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  • Q&A with Australian Health Practitioners

    What are dental implants?

  • Find a professional to answer your question

  • 2

    Thanks

    Dr Paul Coceancig

    Oral and Maxillofacial Surgeon

    I am a specialist oral & maxillofacial surgeon based in Sydney and Newcastle, Australia. I graduated in medicine from the University of Otago, and in … View Profile

    The best way to explain dental implants is by looking at this video on YouTube
    http://www.youtube.com/watch?v=QmD0VFSnwGk
    I hope that helps.
    Paul Coceanicg @ Profilo Australia.

  • 1

    Thanks

    Dr Paul Coceancig

    Oral and Maxillofacial Surgeon

    I am a specialist oral & maxillofacial surgeon based in Sydney and Newcastle, Australia. I graduated in medicine from the University of Otago, and in … View Profile

    The following is taken from my website  www.dentalimplantsaustralia.com on the history of dental implants.

    From the 1950’s, research was being conducted at Cambridge University in the UK to study blood flow in live rabbits. Researchers devised a titanium-glass chamber that was embedded into the soft tissue of rabbit ears. In 1952 the Swedish orthopaedic surgeon, Per-Ingar Brånemark used the same ‘rabbit ear chamber’ device to study bone healing and regeneration using rabbit femur bone. Following several months of study he attempted to retrieve these expensive titanium chambers from bone and found that he was unable to remove them. Dr Brånemark observed that the bone had essentially fused with the titanium surface of the chambers.  Interested in this observation, Brånemark inserted titanium objects into both animal and human subjects, and his experiments confirmed the bone-fusing property of titanium and in particular for it’s surface “titanium oxide”; a phenomenon he came to describe as “osseointegration”.Although Brånemark had originally envisioned that his surgery would have primary applicability to knee and hip surgery, he found that the mouth and the jaws were more accessible for continued clinical experimentation.In 1965, Brånemark, now a Professor of Anatomy at Gothenburg University in Sweden, placed his first titanium dental implant into a human volunteer, Gosta Larsson, who had a cleft palate defect, and in turn required some form of radical retention to hold an upper denture. Gosta Larrson eventually died in 2005 with the original dental implants still in place, 40 years after her surgery.From 1965 to 1978 Brånemark published many studies on the use of titanium in dental implantology before he entered into a commercial partnership with the Swedish defense company, Bofors AB for the development and marketing of his Brånemark dental implant system. Bofors was later to become Nobel Industries, & which formed Nobelpharma AB in 1981. This company in turn was to become the modern day Nobel Biocare, now the largest dental implant manufacturer in the world.Since his initial research, Brånemark fought to gain wide scientific acceptance of osseointegration and dental implants as a viable treatment concept for missing teeth. Even in his native Sweden, he was often openly ridiculed at scientific conferences. Even his university stopped funding his research, forcing him to open a private clinic to continue the dental treatment of patients by dental implants.Eventually an emerging breed of young academics started to notice the work being performed by Brånemark and his co-researchers. Toronto's Professor Zarb, a Maltese dentist working in Canada, was instrumental in bringing Brånemark ‘s concept of osseointegration to the wider dental world.There were also other pioneers in implant dentistry, who were doing their own independent research and analyzing the effects of bone-compatible materials, including titanium, sapphire, and zirconia.Dr. Leonard Linkow placed his first dental implant in 1952, four months after he graduated from dental school. By 1992, Dr. Linkow had placed over 19,000 dental implants and stopped counting. He retired from private practice in 2002 leaving a body of work that included 12 books and 36 patents. Many implant dentists refer to Dr. Linkow as the father of modern implant dentistry.Meanwhile an Italian medical doctor called Stefano Melchiade Tramonte, knew that titanium could be used for dental restorations and after designing a titanium screw to support his own dental prosthesis, started to use it on many patients in his clinic in 1959. His clinical studies on humans were published in 1966.Contemporaneous independent research in the United States by Stevens and Alexander led to a 1969 US patent filing for titanium dental implants.The 1983 Toronto Conference is generally considered to be the turning point, when finally the worldwide scientific community accepted Brånemark's and the work of other dental implant pioneers.But since 1978, it was the Brånemark Dental Implant System that revolutionized clinical dentistry world-wide, making osseointegration a highly predictable and commonplace treatment modality. Over 7 million Brånemark units having been placed up to 2010, and there are hundreds more companies producing an extensive range of dental implants founded on Brånemark’s original screw shape design, and for a far more extended range of dental clinical use.Some current research in dental implantology is focusing on the use of ceramic materials such as zirconia (ZrO2) in the manufacture of dental implants. Zirconia is the dioxide of zirconium, a metal close to titanium in the periodic table and with similar biocompatibility properties. Although generally the same shape as titanium implants, zirconia, which has been used successfully for orthopaedic surgery for a number of years, has the advantage of being more cosmetically aesthetic owing to its bright tooth-like colour. However, long-term clinical data is necessary before one-piece ZrO2 implants can be recommended for daily practice.Dental implants have wide application in areas that expand away from simple dental restorative purposes. They can be used as orthodontic anchorage points, and for retention of missing facial structures such as cheek bones, noses, or eyes.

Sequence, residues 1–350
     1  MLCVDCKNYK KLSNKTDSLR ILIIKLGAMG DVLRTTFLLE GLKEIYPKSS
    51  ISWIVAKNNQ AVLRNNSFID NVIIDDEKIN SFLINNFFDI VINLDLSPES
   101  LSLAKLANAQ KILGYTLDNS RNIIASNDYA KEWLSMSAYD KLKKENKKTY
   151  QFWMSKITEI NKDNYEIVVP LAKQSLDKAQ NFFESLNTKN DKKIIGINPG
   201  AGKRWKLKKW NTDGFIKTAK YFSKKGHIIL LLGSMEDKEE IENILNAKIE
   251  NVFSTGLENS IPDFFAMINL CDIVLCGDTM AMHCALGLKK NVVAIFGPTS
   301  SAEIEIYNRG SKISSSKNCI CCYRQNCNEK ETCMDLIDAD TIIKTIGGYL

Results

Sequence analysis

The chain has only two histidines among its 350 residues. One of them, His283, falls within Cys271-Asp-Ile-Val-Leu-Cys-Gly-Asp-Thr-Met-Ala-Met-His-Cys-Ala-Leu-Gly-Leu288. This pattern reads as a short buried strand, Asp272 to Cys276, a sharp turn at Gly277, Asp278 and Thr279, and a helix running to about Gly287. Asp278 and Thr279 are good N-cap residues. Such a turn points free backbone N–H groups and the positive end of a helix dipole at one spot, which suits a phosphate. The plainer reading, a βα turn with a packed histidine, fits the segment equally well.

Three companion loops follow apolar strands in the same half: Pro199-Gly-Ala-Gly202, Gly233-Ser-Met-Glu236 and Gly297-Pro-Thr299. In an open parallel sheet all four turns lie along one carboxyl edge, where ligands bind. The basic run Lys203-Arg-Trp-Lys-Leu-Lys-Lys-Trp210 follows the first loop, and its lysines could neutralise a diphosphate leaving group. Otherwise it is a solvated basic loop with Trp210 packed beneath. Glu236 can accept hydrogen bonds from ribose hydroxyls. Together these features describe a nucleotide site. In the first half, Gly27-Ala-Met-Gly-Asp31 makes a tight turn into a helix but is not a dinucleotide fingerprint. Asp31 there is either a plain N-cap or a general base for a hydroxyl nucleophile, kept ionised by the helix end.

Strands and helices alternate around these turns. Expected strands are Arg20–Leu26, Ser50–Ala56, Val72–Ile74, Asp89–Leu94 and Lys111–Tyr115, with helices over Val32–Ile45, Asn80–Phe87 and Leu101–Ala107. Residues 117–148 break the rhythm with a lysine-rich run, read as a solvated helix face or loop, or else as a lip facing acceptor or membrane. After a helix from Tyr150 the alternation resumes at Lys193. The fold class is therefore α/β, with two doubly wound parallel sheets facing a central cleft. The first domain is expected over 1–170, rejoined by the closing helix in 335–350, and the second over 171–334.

Paul Coceancig @ Profilo Australia

  • Principal Dentist at Darlinghurst Dental, a high quality, affordable practice located in the heart of Darlinghurst. A high emphasis on customer service and impeccable cross … View Profile

    A dental implant is an artifical tooth support. If you lose a tooth, or are missing one, an implant is inserted into the bone in a minor surgery. It looks a little bit like a screw. The implant is made of titanium and your body is compatible with it, so it is not rejected (usually). It then fuses with the bone. Once fused it can support a new tooth crown on top which is made in a lab.

    Other uses are placing a bridge or denture to support multiple teeth on more than one implant. Just like your normal teeth, the implant will need maintenance and good oral hygiene, but it can be like getting a whole new set of teeth.

    Interestingly, the bone fusion was discovered by accident, but now benefits millions of people worldwide. The technology is not just used by dentists, but can be used to replace other organs such as an ear or nose which is lost or deformed.

    This is a simplified answer, but more technical information is available from the other answers. Hope this helps.

    Frank Farrelly

    http://darlinghurstdental.com.au

    30 Burton Street, Darlinghurst